Stuart Gordon’s watery genre piece “Dagon,” the third project in 2001 under Filmax’s prolific Fantastic Factory banner, beats the first two — Brian Yuzna’s “Faust” and Jack Sholder’s “Arachnid” — fins down. A grisly coastal chiller combining horror and humor in the style of Gordon’s 1985 debut cult schlocker “Re-Animator,” this Lovecraft-inspired gorefest about fish zombies in a remote Spanish village turns a blind eye to credibility. However, its B-movie revels, skillful textbook helming, strong atmospherics and the wry smiles dotted throughout make for an enjoyably mindless ride. Pic has presold well as part of the FF package, but B.O. in Spain has been quiet in the face of higher-profile offshore competition.
Yuppies Paul (newcomer Ezra Godden) and Spanish g.f. Barbara (Spanish soap looker Raquel Merono) are enjoying a yachting vacation with friends Howard (Brendan Price, from Brit soap “Emmerdale Farm”) and Vicky (Birgit Bofarull). A storm whips up and theirbroken boat is stranded. Paul and Barbara go for help to the ghostly, rain-swept coastal town they have seen from the boat but, when Paul returns, Howard and Vicky have disappeared. Barbara, meanwhile, has been captured by an unusually white-faced priest.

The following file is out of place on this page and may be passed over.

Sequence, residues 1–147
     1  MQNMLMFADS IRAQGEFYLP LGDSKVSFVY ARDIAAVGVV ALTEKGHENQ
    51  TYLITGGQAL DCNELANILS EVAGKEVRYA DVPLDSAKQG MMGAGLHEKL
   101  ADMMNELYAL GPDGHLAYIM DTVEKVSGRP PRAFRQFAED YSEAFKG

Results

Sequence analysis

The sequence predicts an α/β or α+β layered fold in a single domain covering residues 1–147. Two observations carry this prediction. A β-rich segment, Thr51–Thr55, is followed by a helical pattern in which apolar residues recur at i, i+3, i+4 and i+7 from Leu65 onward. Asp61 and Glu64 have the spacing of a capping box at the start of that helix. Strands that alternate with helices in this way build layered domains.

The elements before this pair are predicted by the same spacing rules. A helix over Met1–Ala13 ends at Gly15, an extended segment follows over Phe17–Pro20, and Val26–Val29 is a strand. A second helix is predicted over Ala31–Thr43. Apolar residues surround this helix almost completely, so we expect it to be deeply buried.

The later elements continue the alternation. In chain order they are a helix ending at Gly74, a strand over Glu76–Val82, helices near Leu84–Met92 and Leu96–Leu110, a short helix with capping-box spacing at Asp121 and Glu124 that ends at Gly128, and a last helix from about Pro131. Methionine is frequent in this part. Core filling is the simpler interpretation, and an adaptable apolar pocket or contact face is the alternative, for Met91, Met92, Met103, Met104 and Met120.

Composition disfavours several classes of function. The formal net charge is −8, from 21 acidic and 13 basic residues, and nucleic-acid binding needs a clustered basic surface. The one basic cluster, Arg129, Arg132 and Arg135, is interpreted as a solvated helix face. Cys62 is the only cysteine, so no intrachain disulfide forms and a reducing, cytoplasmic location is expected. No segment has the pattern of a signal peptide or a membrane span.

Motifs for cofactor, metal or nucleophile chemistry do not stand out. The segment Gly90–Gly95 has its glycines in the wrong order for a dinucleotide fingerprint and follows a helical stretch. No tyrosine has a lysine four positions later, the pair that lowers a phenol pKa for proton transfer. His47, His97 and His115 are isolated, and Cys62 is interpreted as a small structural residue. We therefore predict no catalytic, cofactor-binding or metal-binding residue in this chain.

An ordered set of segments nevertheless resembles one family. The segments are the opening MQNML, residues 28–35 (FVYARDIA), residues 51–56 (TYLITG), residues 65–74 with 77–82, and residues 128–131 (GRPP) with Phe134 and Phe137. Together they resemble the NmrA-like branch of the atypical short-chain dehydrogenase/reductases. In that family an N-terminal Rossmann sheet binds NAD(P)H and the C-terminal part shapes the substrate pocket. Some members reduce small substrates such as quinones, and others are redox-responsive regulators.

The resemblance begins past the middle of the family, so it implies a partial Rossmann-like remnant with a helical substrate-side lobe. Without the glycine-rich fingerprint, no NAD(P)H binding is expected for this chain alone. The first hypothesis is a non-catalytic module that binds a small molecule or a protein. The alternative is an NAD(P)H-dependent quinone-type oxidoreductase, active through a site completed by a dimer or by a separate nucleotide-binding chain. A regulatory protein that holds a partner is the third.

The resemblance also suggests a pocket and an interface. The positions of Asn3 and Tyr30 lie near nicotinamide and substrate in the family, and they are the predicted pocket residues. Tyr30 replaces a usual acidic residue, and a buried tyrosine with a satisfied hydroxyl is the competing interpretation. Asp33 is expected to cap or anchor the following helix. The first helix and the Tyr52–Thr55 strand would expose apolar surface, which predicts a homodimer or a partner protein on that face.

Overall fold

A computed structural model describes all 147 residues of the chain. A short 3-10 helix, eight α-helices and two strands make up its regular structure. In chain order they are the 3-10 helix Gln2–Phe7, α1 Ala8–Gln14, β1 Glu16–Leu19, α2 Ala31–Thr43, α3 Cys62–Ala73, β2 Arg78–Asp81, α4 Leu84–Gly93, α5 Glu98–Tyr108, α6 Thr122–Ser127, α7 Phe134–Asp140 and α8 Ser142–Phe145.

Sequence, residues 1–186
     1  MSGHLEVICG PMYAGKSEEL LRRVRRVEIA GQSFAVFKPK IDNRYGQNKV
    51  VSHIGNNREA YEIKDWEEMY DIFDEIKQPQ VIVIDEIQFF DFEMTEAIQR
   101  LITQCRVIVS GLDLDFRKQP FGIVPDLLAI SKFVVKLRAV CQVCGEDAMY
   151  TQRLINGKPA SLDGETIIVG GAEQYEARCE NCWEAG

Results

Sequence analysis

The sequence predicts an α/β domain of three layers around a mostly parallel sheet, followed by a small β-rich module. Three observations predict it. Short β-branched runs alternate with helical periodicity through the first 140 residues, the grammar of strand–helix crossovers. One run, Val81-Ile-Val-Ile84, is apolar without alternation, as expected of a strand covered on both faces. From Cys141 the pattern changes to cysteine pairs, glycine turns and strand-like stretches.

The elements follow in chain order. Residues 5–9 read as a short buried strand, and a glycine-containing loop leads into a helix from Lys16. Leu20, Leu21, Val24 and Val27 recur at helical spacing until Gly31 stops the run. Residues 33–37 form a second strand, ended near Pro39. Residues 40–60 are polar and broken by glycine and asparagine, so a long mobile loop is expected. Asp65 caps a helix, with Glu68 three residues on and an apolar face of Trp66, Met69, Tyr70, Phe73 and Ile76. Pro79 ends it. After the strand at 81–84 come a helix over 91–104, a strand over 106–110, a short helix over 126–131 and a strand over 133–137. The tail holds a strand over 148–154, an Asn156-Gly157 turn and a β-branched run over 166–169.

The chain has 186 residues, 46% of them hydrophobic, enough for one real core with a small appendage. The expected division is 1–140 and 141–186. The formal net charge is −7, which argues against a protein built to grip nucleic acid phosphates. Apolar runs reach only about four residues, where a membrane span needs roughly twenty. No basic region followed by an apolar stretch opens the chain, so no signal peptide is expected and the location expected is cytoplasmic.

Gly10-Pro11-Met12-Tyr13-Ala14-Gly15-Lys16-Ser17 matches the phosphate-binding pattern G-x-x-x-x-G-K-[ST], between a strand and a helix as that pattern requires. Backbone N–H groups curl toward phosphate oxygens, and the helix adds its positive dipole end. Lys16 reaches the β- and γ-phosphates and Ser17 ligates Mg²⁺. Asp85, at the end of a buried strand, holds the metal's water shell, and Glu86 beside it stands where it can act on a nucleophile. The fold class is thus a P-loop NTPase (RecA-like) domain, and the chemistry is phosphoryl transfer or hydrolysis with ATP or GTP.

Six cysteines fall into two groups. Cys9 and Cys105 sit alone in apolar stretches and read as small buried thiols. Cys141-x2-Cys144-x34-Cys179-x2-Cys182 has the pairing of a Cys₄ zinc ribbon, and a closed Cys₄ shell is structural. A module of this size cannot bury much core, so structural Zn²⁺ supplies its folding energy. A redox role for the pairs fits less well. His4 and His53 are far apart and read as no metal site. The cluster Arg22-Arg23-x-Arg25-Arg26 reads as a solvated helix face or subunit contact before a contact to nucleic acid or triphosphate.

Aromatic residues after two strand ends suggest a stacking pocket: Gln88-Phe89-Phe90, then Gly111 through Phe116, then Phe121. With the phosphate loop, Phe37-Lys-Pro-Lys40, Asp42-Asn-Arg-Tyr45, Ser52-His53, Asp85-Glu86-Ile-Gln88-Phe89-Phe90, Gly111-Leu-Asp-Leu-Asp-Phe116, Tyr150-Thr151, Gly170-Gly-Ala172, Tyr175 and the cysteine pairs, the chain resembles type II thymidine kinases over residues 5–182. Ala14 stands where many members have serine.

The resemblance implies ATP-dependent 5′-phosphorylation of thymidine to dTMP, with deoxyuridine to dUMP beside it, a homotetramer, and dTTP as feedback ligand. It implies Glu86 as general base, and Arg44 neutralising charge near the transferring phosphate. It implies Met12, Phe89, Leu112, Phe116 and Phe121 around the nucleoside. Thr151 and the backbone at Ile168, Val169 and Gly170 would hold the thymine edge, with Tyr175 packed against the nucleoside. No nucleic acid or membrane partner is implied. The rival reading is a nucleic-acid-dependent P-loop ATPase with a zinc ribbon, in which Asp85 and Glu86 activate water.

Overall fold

After a lengthy cat-and-mouse chase with the “fish people” who live in the town, Paul finally meets the only living inhabitant, aging alcoholic Ezequiel (recently-deceased Francisco Rabal, to whom pic is dedicated). Ezequiel reveals that, when he was a child, the town sold its collective soul to a bizarre underwater Satanic cult ruled by the evil Dagon. As a result, the population is slowly turning into fish with many of the townspeople losing the use of their legs. On the run from these fish people, Paul comes across sexy fish woman Uxia (Macarena Gomez), and discovers their destinies are linked.
Perfs are generally exuberant, but it’s Rabal, despite being practically incomprehensible in English, whose bulky immobility steals the show and makes pic’s middle stretch the most watchable. Special effects are spot-on, and rain and lightning almost permanent, giving the sense that the whole thing is taking place underwater. Lensing by Carlos Suarez is atmospheric, and pacing skillfully handled.